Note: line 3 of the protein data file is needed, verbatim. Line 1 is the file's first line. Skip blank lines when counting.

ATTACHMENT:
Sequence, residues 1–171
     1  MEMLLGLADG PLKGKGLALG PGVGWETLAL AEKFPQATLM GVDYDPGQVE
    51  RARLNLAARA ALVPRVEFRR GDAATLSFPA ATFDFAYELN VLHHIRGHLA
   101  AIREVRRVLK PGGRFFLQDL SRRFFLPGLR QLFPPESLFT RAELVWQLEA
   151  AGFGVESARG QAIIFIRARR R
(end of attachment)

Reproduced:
    51  RARLNLAARA ALVPRVEFRR GDAATLSFPA ATFDFAYELN VLHHIRGHLA